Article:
Requirement #5: First class game engine(s) which run(s) on the phone
Augmented reality has to compete with plain reality, and with any of the available virtual experiences. You’re basically trying to get a slice of attention against all the other consumable forms of content.
To make augmented reality seamless, it can’t lack the things we expect from reality, including 3-D, dynamic response, and real time interaction. What is the point in having an augmented reality which is more static and less interesting that the real one?
All of this argues for a true game engine. One which allows for real world physics, dynamic interaction, compelling transition effects, surface management, shadows. As the game engine gets better and better, designers and developers can make the augmentation less obvious, and more compelling.
Today, there are two game engines capable of providing this level of polish, and both have become able to run well on leading smartphones just within the last 12 months.
Requirement #6: Game conversant users
Interacting with the virtual world can be weird. In the old days, you had to “learn” how to play a game. Casual games, and the widespread adoption of gaming, have given us a user base which knows how to figure out control interfaces, try things, and learn, and a designer base which knows how to give visual cues to push users in the right direction without beating them over the head.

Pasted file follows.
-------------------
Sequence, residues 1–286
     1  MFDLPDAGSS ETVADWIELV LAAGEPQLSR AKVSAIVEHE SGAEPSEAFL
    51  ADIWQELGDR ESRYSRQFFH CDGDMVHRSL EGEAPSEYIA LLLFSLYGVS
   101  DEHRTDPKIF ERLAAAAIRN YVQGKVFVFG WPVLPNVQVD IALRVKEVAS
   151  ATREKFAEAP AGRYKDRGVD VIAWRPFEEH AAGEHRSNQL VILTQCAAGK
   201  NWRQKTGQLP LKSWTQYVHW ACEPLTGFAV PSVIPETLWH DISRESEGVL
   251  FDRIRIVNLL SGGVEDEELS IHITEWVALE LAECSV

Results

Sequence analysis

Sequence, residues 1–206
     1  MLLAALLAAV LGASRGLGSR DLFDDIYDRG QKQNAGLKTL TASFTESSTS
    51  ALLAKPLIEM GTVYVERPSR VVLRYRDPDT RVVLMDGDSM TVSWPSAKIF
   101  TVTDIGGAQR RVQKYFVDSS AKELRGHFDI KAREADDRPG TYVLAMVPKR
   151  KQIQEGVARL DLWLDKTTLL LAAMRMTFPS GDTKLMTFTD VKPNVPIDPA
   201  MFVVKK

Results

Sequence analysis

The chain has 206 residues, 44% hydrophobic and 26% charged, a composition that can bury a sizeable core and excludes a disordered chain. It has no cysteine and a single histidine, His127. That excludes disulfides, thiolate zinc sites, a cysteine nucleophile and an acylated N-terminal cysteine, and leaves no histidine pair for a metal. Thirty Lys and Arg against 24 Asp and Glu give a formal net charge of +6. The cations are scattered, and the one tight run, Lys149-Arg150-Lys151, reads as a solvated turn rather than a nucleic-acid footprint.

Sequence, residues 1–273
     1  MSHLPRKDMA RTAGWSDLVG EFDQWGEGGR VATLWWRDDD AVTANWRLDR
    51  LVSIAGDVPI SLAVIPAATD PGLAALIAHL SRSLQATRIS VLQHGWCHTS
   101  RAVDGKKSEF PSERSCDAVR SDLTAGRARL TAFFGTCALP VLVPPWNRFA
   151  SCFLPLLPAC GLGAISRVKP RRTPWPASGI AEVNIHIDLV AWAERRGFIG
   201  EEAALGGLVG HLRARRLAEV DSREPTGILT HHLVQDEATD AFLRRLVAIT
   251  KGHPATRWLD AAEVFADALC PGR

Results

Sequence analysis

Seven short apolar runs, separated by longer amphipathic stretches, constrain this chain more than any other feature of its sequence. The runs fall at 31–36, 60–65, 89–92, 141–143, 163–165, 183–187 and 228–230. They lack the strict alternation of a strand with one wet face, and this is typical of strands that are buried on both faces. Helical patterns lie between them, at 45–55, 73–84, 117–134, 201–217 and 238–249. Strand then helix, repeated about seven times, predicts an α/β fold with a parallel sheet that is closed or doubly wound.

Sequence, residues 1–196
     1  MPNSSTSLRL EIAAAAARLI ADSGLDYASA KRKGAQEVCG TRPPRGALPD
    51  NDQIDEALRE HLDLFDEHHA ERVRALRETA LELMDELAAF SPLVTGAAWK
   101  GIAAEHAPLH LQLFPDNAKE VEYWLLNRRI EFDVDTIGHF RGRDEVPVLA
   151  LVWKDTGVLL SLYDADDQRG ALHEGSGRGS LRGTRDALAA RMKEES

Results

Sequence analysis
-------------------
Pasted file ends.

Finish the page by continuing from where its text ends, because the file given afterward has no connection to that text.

Users aren’t just ready to embrace an immersive experience, they’re ready to demand it.
Requirement #7: Sharing mechanism
Single player games are ok, but the only real argument for a shared world is to be able to play together in it. Augmented Reality is only augmented if we are sharing the same reality. If I drop an object somewhere, and only I can see it, that’s not a great augmentation.
For the first few pioneers in AR land, we need a way for them to find others, and to pull in their friends. Facebook, Twitter, and Google’s social graph APIs give us a way to build a sharing mechanism in from the ground up.
Requirement #8: Real time graphics and visual recognition on the smartphone.
Many AR technologies rely on visual detection of distinct markers to define the playing field for an augmenting scene. There’s some serious crunch needed to run these algorithms against an HD quality camera view, in real time, on your phone.
SDKs and AR platforms that can handle this have only become widely available in the last 9 months.
So, my contention is that you could not have built compelling AR less than six months ago. To my eye, no one has really hit the design point yet, but the convergence of technologies described above, and the emergence of a user base that is ready to embrace an augmented world is a perfect storm.
I was asked recently by a potential strategic investor why VCs haven’t yet made their AR bets, and this article was born from that. AR hasn’t taken off yet. But it will. And soon.
Of course, I hope that my company capitalizes on that.